As noted in my prior post, state and local governments also issue bonds to provide cheap tax exempt financing for private companies and real estate development as part of “economic development” projects. And have continued to do so, albeit at a slower pace, even after the tax reform act of 1986 eliminated the federal tax exemptions for such bonds, unless specifically exempted by Congress.
According to data reported to the Census Bureau by the City of New York and the State of New York, the percentage of their debts incurred for private purposes are not especially high, despite the large number of large-scale economic development projects each government has undertaken.
Just in recent memory government bonds have been floated for the new Citifield, Yankee Stadium, and Barclay’s Center, and will be floated for the new area at Belmont Park. Money was borrowed to turn the former Brooklyn Navy Yard and Brooklyn Army terminal into business parks, and build a new science campus on Roosevelt Island. Upstate the State of New York paid to build Tesla’s “Solar City” solar panel plant in Buffalo, part of the “Buffalo $Billion,” AMD’s computer chip plant in Malta, and the nanotechnology complex in Marcy.
There is talk of a new Hunts Point food market going forward. Financing programs by New York City’s Economic Development Corporation…
include the Manufacturing Facilities Bond Program, the Non-Profit Bond Program, the Exempt Facilities Bond Program, and the Liberty Bond Program, under which tax exempt debt was issued to lend to developers to rebuild the World Trade Center and construct related development projects downtown.
It seems the only reason that “private purpose debt” is such a low percent of the total in New York is that total city and state debt is so high.
Measured as a percent of personal income, rather than as a percent of total debt, state and local government private purpose debt equaled 3.3% of U.S. residents’ personal income in FY 2016. By this measure New York City’s private purpose debt equaled 5.5% of city residents’ personal income which would have ranked 43rd. The Rest of New York State was slightly better than average at 3.2% of personal income, and would have ranked 22nd. New Jersey was at 2.7% of personal income, ranking 19thbut Connecticut was at 5.1% of personal income, ranking 38th.
The states with the most “private purpose” debt as a percent of state residents’ personal income were Rhode Island (9.2%), Kentucky (8.2%), Alaska (8.1%), West Virginia (7.0%), Louisiana (6.3%), Missouri (6.3%), South Dakota (6.1%), Montana (6.0%), Kansas (5.7%), and Pennsylvania (5.2%).
Politicians probably hope the private investment financed by those public debts will pay off, at least enough to pay back the bonds. Just as banks and other investors in private corporate bonds and loans hope that their investments will pay off. If they don’t, however, the decision as to whether or not to use general tax revenues to pay those “moral obligation” bonds is ultimately a political one. Based on the power and influence of the generally older and richer people and financial institutions that hold the bonds, compared with the ordinary taxpayers and public service recipients who would be sacrificed to pay them.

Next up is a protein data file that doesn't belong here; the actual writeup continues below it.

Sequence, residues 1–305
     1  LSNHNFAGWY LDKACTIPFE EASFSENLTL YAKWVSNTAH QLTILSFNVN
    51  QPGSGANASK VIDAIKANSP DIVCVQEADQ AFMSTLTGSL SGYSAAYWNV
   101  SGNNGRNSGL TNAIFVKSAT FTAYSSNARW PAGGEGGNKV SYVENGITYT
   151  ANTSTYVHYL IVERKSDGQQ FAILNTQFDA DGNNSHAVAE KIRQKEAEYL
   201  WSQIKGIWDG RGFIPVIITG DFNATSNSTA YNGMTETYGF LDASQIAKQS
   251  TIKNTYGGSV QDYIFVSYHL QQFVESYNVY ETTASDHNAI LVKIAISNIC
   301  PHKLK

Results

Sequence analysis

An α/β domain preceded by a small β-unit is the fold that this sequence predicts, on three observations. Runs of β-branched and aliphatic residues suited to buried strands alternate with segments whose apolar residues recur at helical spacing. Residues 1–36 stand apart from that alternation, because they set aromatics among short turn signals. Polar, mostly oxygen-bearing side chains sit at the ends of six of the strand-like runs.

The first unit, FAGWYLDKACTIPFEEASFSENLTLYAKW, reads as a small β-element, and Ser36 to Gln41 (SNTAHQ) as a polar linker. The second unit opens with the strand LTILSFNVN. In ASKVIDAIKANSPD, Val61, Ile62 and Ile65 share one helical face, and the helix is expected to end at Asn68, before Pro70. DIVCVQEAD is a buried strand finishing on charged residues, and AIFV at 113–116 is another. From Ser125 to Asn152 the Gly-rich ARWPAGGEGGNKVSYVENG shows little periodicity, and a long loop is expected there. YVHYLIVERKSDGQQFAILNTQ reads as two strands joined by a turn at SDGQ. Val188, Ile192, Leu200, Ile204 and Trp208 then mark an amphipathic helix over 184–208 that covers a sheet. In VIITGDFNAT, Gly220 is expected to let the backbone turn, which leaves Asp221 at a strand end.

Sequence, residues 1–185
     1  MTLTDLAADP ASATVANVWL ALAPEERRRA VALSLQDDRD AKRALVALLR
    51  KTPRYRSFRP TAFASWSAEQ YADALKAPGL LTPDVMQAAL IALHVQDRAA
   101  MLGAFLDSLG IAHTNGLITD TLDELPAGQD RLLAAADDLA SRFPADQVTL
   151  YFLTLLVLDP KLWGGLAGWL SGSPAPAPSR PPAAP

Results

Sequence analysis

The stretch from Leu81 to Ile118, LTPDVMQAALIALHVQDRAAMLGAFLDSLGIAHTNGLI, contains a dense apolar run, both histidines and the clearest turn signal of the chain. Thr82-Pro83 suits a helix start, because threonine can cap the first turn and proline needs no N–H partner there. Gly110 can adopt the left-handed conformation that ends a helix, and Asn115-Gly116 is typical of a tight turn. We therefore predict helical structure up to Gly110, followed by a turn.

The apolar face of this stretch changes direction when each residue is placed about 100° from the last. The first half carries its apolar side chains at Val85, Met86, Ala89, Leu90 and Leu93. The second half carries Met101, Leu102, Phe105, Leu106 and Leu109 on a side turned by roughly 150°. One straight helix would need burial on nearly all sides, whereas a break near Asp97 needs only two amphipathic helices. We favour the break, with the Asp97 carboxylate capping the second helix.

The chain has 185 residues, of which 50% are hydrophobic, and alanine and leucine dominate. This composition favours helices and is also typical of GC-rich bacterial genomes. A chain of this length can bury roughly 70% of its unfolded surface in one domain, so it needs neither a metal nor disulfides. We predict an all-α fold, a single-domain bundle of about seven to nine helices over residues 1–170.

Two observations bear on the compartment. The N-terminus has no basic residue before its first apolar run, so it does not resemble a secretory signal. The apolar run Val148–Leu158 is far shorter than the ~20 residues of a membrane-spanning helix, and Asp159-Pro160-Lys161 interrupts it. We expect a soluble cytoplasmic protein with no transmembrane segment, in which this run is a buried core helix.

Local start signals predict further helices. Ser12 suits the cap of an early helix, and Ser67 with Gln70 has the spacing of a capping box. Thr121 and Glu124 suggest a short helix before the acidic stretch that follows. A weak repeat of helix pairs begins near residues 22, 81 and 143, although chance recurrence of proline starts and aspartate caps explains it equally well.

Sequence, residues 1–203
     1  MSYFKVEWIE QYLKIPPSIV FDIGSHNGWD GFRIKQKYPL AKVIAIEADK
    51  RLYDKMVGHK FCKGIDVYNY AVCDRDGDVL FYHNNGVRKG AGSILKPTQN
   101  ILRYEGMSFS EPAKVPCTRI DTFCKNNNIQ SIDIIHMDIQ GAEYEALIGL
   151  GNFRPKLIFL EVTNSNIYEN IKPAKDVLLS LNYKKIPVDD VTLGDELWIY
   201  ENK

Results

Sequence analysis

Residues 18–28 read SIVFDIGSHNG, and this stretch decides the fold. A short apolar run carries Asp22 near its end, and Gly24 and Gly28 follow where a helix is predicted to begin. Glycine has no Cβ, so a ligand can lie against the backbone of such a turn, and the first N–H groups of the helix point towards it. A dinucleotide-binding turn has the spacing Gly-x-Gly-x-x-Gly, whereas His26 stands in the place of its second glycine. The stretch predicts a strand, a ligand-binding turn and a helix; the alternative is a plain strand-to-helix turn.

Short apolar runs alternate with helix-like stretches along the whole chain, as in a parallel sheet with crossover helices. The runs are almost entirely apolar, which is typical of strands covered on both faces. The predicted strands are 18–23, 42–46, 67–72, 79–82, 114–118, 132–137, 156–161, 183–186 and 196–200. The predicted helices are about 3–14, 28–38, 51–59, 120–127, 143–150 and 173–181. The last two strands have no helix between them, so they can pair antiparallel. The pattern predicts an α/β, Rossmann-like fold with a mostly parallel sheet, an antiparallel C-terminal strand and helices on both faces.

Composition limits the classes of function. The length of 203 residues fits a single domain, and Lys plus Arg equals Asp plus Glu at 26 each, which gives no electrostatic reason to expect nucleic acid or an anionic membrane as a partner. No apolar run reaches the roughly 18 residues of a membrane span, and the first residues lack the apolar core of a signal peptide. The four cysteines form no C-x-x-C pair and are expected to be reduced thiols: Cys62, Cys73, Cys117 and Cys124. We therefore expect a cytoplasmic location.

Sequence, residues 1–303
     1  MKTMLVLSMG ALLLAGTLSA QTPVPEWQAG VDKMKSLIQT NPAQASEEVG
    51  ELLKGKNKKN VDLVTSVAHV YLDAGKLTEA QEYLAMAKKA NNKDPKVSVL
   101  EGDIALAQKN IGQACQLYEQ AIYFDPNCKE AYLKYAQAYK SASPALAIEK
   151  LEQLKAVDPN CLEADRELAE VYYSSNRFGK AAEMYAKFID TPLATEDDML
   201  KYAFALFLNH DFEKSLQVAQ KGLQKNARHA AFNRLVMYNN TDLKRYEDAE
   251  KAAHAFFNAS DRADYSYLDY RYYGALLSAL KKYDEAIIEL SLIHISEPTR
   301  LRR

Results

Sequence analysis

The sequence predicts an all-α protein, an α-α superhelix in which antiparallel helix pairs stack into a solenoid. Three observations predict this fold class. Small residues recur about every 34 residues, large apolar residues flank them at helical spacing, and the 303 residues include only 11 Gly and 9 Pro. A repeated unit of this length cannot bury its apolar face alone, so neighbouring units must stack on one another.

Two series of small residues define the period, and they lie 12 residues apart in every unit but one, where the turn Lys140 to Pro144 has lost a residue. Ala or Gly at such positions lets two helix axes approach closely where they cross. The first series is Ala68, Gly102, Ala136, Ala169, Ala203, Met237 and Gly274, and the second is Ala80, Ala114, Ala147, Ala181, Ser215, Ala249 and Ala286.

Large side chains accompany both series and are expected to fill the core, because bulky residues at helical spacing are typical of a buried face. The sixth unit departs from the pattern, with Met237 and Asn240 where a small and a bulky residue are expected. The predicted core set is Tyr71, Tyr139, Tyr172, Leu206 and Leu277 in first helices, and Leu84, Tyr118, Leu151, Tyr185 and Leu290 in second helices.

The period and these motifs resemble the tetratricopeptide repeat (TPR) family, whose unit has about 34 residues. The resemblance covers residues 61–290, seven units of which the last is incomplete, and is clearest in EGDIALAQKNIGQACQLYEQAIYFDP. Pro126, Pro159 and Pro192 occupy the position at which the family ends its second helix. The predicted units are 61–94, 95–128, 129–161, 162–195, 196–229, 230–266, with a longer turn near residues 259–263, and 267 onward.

The precedent is clear. In the 1970s in New York City, the fiscal crisis led to the cutoff of maintenance for the infrastructure, police layoffs and soaring crime, 50 kids in a class in the schools, soaring taxes, falling life expectancy, nearly and 1 million people leaving, widespread property abandonment, and poor and troubled old women (the “Bag Ladies”) left to die in the street. The bonds – and retroactively increased pension benefits — all got paid – albeit in dollars that were only worth half what they had been when the bonds were issued, due to the high inflation of the 1970s. Which was the only reason New York City survived.
More recently Fannie Mae and Freddie Mac bondholders, who had received higher interest rates than those on U.S. Treasury bonds over the years on the assumption that their repayment was not necessarily guaranteed by the full faith and credit of the federal government, were bailed out. They ended up getting paid more in interest without taking more risk, as if they had bought actual U.S. Treasury bonds, at taxpayer expense.
As noted in my prior post, U.S. state and local government infrastructure capital construction expenditures averaged 1.36% of U.S. residents’ personal income from FY 1977 to 1981, down from 1.63% in FY 1972. If those governments had continued to invest in infrastructure at that 1.36% of personal income from FY 1982 to 2016, they would have spent an additional $1.1 trillion in total in $2016, or 7.0% of U.S. residents’ personal income in 2016. That, I assert, is the national infrastructure investment shortage. But in which states has the shortage been greatest?
The state with the lowest average infrastructure expenditure during the FY 1982 to 2016 period (ranked 51st, or last) was New Hampshire at 0.54% of personal income per year, far below the benchmark 1.36%. Its accumulated infrastructure shortage equaled 19.5% of state residents’ personal income in 2016. Next up was Michigan with an average of just 0.61% of personal income per year for a cumulative 20.2% of 2016 personal income. That is greater than Michigan’s actual state and local government debts.